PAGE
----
As Christians approach this goal, justification is hardly required. More encouragement is needed that it can be achieved and it is God’s heartfelt desire that poverty should be ended, now!Understanding that task, of how to read our Bibles, is vital here because, as we’ve alluded to, there is more than one message which could be read, and it matters. Very often Christianity has been painted, sometimes by its own adherents, as an enemy of equality, and has proved to be an obstacle, rather than a gateway, to those members of society, not least women, who have been disempowered.

However, it is indisputably true that Christians should be champions of equality at the most fundamental of levels. Christian faith affirms that we are all made in the ‘image of God’, that we have all ‘fallen short of the glory of God’, and that we are all subject to the forgiving, loving grace of God. Nothing that we are, by virtue of our race, creed, gender, wealth, background or anything else, can affect any of that, either way, one jot. In the light of such basic truth, the historic relative disregard of 50% of the population is a justice issue that cannot be denied. Especially so given the obvious and deliberate prominence of the role of women in the Bible, again even more remarkable given the cultural expectation of the times. Debates rage over the appropriateness, or not, of different gender roles, but the question of equality has surely been settled.

Goal 5 is about the equality of women and girls, after generations where this has often been absent. That includes access to education, legal rights and protection, as well as levels of representation and engagement. It involves the specific challenge of issues that disproportionately affect women, like domestic violence, the consequence of unpaid work, the realities of acting as carers. It engages with deep rooted cultural issues like that of Female Genital Mutilation (FGM). Given all the history, and yet our calling, all these are issues in which the Church particularly can and must take a lead.


  • Which examples come to mind when you think of gender injustice?
  • Imagine yourself as an outsider in your culture. How would you describe the gender roles you see?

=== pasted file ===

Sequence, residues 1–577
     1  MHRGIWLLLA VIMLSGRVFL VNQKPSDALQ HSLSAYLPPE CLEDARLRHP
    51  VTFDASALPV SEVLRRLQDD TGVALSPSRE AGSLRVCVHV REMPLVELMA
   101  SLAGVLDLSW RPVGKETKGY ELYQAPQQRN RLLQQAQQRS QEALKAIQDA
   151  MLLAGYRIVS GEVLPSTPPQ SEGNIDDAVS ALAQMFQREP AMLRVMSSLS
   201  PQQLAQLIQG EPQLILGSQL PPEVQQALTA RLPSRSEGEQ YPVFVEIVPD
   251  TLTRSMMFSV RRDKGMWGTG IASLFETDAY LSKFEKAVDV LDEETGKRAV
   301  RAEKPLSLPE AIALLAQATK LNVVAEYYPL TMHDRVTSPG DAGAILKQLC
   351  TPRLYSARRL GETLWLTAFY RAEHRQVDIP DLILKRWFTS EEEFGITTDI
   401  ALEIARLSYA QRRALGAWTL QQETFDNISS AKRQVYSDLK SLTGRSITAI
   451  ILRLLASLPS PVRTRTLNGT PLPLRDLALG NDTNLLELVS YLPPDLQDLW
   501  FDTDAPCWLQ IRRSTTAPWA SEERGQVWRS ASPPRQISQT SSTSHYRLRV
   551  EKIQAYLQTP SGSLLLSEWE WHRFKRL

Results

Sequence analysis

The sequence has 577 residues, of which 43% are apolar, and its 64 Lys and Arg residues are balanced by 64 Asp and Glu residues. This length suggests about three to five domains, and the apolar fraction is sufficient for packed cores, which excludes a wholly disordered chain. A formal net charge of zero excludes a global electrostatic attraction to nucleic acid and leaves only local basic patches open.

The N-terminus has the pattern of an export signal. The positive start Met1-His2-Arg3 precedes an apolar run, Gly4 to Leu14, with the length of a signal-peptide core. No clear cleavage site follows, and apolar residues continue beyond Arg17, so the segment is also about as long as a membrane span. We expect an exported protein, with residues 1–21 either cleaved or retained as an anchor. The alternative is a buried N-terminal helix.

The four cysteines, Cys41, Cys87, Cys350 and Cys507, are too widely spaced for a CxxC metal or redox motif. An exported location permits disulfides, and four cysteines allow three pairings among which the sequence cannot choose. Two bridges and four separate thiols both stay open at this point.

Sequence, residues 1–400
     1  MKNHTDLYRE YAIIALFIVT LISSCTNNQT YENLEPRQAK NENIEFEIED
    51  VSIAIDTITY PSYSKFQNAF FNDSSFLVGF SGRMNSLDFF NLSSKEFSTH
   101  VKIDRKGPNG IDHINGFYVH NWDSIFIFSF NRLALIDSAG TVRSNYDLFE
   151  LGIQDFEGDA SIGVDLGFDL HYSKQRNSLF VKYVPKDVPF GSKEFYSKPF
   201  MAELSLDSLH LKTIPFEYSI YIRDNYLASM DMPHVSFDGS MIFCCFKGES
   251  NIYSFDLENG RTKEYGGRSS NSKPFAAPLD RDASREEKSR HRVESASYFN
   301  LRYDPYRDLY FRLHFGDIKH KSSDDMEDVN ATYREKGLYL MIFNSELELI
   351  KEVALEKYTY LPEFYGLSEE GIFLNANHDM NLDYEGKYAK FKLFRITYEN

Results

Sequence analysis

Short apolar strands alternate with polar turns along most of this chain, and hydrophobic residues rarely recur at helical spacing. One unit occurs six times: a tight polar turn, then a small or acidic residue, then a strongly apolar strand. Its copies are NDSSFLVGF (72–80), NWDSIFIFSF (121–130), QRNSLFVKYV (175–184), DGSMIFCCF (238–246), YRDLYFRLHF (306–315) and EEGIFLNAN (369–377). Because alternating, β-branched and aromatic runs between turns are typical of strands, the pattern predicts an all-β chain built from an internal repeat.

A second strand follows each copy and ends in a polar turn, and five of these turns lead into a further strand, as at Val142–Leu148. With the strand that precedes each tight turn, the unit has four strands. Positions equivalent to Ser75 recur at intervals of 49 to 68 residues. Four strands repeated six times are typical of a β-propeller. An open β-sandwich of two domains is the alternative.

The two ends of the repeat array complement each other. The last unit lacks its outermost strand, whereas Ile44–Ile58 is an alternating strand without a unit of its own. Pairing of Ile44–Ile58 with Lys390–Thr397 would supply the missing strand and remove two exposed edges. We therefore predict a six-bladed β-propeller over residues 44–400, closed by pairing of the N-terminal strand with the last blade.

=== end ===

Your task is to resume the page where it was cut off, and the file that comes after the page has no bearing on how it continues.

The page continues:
• Think of some prominent Biblical women. How was their contribution distinctive and necessary?
  • In what ways has the Church harmed rather than helped the issues of gender inequality?


Most of us will have probably met someone who has been a victim of gender-based violence. We just may not know it.

Trafficking, sexual abuse and domestic violence are just a few of the huge issues women face in all corners of the world.

At the heart of this goal is a sincere desire to assert equal dignity and moral worth for all women and men created in the image of God. This well established Biblical principle reaches into all cultures and cries out for equity (equal outcomes) more than equality (equal access).

BMS World Mission seeks to address particular injustices, experienced in the majority, by women and girls, recognising that gender dynamics affect every area of life. It seeks to tackle the root causes of gender injustice globally – such as sexual trafficking, school-based sexual violence, and patriarchal systems that prevent women from maternal healthcare. Gender justice considerations are sought across every aspect of its work, both in the UK and overseas.


Personal – Treat people with dignity, reflecting on the way they are made in the image of God.

Local – Prompt a discussion in a local group about ways that men and women can be involved. Order DIGNITY, a BMS resource to help small groups tackle this often difficult subject.

International – Support BMS in their efforts to tackle gender based discrimination.